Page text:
G1-arrested newborn cells are the predominant infectious form of the pathogen Brucella abortus.

TitleG1-arrested newborn cells are the predominant infectious form of the pathogen Brucella abortus.
Publication TypeJournal Article
Year of Publication2014
AuthorsDeghelt, M., C. Mullier, J-F. Sternon, N. Francis, G. Laloux, D. Dotreppe, C. Van der Henst, C. Jacobs-Wagner, J-J. Letesson, and X. De Bolle
JournalNat Commun
Volume5
Pagination4366
Date Published2014 Jul 09
ISSN2041-1723
KeywordsBrucella abortus, Brucellosis, Cells, Cultured, Chromosomes, Bacterial, DNA Replication, DNA, Bacterial, G1 Phase Cell Cycle Checkpoints, HeLa Cells, Humans, Vacuoles
Abstract

Several intracellular pathogens, such as Brucella abortus, display a biphasic infection process starting with a non-proliferative stage of unclear nature. Here, we study the cell cycle of B. abortus at the single-cell level, in culture and during infection of HeLa cells and macrophages. The localization of segregation and replication loci of the two bacterial chromosomes indicates that, immediately after being engulfed by host-cell endocytic vacuoles, most bacterial cells are newborn. These bacterial cells do not initiate DNA replication for the next 4 to 6 h, indicating a G1 arrest. Moreover, growth is completely stopped during that time, reflecting a global cell cycle block. Growth and DNA replication resume later, although bacteria still reside within endosomal-like compartments. We hypothesize that the predominance of G1-arrested bacteria in the infectious population, and the bacterial cell cycle arrest following internalization, may constitute a widespread strategy among intracellular pathogens to colonize new proliferation niches.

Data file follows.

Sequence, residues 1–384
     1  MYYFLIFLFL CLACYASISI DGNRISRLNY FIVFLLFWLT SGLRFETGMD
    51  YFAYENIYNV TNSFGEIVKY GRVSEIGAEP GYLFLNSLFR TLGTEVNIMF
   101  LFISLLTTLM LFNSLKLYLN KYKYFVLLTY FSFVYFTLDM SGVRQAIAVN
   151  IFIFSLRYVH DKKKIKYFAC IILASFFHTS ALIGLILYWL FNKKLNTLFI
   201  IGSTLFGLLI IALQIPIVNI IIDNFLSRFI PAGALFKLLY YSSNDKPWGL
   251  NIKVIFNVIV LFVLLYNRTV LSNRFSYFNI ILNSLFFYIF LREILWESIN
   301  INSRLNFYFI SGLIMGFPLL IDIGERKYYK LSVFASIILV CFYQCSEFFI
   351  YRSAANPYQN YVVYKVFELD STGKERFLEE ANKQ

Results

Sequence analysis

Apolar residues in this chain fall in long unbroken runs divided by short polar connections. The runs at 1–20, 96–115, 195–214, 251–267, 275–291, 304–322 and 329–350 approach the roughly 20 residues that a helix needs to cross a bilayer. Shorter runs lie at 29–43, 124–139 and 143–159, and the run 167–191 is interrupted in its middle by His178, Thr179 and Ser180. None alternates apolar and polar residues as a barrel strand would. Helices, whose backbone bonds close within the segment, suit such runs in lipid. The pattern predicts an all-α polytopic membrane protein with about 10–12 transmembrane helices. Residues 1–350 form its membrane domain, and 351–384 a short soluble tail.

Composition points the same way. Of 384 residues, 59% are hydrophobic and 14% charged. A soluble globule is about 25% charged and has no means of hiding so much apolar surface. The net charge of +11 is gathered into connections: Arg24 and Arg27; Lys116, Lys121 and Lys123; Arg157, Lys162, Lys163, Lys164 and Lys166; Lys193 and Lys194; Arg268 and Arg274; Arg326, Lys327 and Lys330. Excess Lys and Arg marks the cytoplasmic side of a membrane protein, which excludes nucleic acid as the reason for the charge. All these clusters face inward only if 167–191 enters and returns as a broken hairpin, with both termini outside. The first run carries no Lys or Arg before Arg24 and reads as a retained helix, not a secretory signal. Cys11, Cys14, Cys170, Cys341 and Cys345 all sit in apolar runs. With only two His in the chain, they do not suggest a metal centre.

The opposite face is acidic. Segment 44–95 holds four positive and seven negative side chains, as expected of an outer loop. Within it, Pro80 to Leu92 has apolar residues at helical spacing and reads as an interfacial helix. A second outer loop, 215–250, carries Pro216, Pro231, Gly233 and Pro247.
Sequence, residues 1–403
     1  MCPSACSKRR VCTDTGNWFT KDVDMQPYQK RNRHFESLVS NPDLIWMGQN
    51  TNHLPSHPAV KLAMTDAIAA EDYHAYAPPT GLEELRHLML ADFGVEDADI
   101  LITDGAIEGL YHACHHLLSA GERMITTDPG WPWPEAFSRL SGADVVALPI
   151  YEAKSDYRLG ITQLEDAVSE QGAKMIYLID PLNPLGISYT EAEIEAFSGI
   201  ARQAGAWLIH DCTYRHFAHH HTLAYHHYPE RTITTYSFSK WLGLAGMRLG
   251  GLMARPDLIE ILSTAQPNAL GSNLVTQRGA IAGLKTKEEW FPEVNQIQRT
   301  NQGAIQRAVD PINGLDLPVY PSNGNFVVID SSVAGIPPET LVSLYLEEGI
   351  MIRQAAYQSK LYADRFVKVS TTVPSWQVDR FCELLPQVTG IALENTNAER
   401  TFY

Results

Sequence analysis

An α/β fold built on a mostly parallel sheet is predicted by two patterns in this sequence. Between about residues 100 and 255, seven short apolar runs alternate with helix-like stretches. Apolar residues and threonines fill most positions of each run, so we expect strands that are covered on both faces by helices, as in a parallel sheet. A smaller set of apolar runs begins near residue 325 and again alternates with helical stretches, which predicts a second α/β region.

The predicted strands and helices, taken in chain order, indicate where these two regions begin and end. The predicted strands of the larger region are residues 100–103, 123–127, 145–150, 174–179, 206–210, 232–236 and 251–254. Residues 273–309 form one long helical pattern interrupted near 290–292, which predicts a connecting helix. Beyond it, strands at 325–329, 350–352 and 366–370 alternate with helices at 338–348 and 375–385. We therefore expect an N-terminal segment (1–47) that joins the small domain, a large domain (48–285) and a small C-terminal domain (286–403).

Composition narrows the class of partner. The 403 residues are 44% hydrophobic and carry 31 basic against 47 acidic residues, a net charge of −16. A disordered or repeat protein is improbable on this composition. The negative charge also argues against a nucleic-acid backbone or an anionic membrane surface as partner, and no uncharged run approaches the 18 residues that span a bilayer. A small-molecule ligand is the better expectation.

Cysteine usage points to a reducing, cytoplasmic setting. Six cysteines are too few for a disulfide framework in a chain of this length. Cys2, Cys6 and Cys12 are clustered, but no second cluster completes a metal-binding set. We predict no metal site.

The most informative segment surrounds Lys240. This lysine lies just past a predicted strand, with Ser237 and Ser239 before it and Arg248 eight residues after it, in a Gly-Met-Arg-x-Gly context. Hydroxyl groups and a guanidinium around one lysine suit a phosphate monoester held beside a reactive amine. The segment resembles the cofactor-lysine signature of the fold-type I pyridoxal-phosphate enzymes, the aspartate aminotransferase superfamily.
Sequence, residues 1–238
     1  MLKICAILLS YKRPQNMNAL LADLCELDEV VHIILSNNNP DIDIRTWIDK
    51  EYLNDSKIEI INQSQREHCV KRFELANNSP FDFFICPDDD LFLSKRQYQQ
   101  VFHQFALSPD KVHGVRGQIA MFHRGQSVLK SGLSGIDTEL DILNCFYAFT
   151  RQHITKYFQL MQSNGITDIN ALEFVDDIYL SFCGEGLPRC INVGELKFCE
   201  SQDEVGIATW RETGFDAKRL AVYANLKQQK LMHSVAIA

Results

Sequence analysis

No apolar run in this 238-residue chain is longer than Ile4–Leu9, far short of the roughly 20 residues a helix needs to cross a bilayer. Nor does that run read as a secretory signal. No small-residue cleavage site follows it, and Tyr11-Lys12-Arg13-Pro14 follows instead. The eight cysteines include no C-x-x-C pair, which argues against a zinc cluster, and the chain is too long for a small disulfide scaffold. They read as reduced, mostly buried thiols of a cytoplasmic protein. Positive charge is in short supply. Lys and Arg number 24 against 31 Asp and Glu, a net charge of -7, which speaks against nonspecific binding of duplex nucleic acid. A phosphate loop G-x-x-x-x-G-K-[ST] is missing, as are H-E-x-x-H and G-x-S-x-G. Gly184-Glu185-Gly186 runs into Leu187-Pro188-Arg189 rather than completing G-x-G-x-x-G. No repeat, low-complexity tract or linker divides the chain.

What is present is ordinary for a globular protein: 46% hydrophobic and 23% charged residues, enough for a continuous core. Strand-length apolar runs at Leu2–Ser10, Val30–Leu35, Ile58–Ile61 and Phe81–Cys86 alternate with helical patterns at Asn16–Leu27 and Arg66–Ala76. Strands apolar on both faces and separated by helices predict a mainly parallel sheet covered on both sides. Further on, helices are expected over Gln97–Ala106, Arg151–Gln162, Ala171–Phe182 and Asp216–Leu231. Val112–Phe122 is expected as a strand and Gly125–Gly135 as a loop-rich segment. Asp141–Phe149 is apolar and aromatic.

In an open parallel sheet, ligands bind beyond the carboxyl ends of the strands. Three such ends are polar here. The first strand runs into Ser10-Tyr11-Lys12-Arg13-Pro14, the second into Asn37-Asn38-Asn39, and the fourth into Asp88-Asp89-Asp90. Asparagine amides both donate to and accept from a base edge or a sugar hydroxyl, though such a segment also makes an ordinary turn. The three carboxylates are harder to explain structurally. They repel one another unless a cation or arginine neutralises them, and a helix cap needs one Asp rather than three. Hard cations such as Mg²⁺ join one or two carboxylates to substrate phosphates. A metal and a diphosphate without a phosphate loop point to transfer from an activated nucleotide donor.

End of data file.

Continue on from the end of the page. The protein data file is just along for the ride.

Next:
DOI10.1038/ncomms5366
Alternate JournalNat Commun
PubMed ID25006695
PubMed Central IDPMC4104442
Grant ListR01 GM065835 / GM / NIGMS NIH HHS / United States
GM065835 / GM / NIGMS NIH HHS / United States
/ / Howard Hughes Medical Institute / United States
Research group: